What's significant?  Okay.  But given where we are, and we've seen a wonderful response from a lot of people, I'm among them, and we hope it's lasting… 

Dr. Shammo:

Yes.   

Andrew Schorr:

…and we hope our other blood counts stay stable… 

Dr. Shammo:

Continue.  

Andrew Schorr:

…and we live well.  How are you feeling about things, as someone devoted to this field?  

Dr. Shammo:

I think any time you have an additional therapeutic tool, if you will, it's magnificent to actually have that.  Like when you look at the CML story, it started out with interferon, a very similar paradigm, and then now you have six drugs on the market so—with amazing activity.  So to have more options is always a fabulous thing.  To me, what's important is to understand what option works for what patient, and I think that's where the research is going.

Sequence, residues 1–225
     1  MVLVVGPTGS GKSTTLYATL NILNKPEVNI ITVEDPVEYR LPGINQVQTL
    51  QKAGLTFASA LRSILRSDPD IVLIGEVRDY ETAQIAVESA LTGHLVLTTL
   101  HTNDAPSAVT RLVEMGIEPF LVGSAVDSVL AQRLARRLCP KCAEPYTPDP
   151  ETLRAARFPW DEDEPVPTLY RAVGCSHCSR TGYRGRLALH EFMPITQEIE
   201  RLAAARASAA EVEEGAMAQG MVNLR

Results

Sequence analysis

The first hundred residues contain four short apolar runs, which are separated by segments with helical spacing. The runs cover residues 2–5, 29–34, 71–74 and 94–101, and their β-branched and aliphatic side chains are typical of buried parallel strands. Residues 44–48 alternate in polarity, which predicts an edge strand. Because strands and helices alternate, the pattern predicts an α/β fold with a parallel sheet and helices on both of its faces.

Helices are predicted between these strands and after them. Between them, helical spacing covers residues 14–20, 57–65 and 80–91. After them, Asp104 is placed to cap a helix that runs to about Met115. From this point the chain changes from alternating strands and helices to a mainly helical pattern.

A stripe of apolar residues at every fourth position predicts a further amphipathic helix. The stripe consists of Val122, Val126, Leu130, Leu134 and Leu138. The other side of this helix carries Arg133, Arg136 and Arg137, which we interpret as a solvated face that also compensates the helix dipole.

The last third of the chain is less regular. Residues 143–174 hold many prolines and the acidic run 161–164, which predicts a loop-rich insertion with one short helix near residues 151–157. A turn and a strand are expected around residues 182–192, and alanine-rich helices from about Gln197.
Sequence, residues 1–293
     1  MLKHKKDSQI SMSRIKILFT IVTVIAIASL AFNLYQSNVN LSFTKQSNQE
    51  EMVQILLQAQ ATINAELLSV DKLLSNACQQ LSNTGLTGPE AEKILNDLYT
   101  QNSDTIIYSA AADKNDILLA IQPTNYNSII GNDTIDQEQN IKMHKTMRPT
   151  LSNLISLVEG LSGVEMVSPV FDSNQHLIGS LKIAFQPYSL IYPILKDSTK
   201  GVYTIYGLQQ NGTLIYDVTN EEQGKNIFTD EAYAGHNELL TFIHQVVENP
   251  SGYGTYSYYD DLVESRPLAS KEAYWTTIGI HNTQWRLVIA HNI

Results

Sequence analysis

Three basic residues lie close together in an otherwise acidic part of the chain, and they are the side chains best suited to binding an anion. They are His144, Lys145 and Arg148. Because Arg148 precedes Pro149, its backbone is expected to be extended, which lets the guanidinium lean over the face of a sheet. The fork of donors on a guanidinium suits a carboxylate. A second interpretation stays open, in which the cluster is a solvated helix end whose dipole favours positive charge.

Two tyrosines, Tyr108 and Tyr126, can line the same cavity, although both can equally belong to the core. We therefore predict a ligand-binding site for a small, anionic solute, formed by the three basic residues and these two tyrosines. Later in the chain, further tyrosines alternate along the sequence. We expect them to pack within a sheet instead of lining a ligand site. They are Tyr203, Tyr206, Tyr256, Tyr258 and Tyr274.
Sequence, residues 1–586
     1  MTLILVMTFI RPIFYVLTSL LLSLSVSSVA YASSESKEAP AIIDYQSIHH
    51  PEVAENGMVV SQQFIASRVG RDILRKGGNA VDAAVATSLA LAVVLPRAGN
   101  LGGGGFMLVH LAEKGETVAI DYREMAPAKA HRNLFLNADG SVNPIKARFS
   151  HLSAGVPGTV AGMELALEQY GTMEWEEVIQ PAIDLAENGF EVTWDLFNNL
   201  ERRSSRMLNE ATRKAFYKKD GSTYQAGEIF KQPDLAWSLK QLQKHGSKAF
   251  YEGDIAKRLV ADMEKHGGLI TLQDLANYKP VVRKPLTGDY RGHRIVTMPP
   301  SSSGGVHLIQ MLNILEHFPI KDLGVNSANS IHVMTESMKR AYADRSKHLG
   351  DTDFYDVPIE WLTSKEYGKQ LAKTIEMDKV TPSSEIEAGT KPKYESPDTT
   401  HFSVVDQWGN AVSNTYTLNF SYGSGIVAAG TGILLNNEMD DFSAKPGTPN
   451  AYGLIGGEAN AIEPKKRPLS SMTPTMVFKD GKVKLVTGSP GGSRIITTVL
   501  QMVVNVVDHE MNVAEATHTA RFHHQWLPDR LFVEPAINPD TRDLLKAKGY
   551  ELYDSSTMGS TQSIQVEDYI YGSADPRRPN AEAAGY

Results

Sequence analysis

Andrew Schorr:

Okay.  So I have a little message, and I hope you'll agree, certainly she's a specialist in this.  This becomes increasingly complicated, if you will, in understanding your situation, does it relate to a current therapy or one in a clinical trial.  Who gets what medicine when, and what is your specific situation.  So stay tuned, but if you haven't, check in and at least get a second opinion, I'd say with someone who is an MPN specialist.  Thank you so much for being with us.   

Dr. Shammo:

Thank you.  Thanks for having me.   

Andrew Schorr:

And we'll have you back.  This is a fascinating area, and I wish you well in all the work you do… 

Dr. Shammo:

Thanks.   

Andrew Schorr:

…because that makes a big difference for us.  

Dr. Shammo:

Thanks to you, too.  

Andrew Schorr: 

Andrew Schorr.  Remember, knowledge can be the best medicine of all.  

Please remember the opinions expressed on Patient Power are not necessarily the views of our sponsors, contributors, partners or Patient Power. Our discussions are not a substitute for seeking medical advice or care from your own doctor. That’s how you’ll get care that’s most appropriate for you.

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Page last updated on November 18, 2015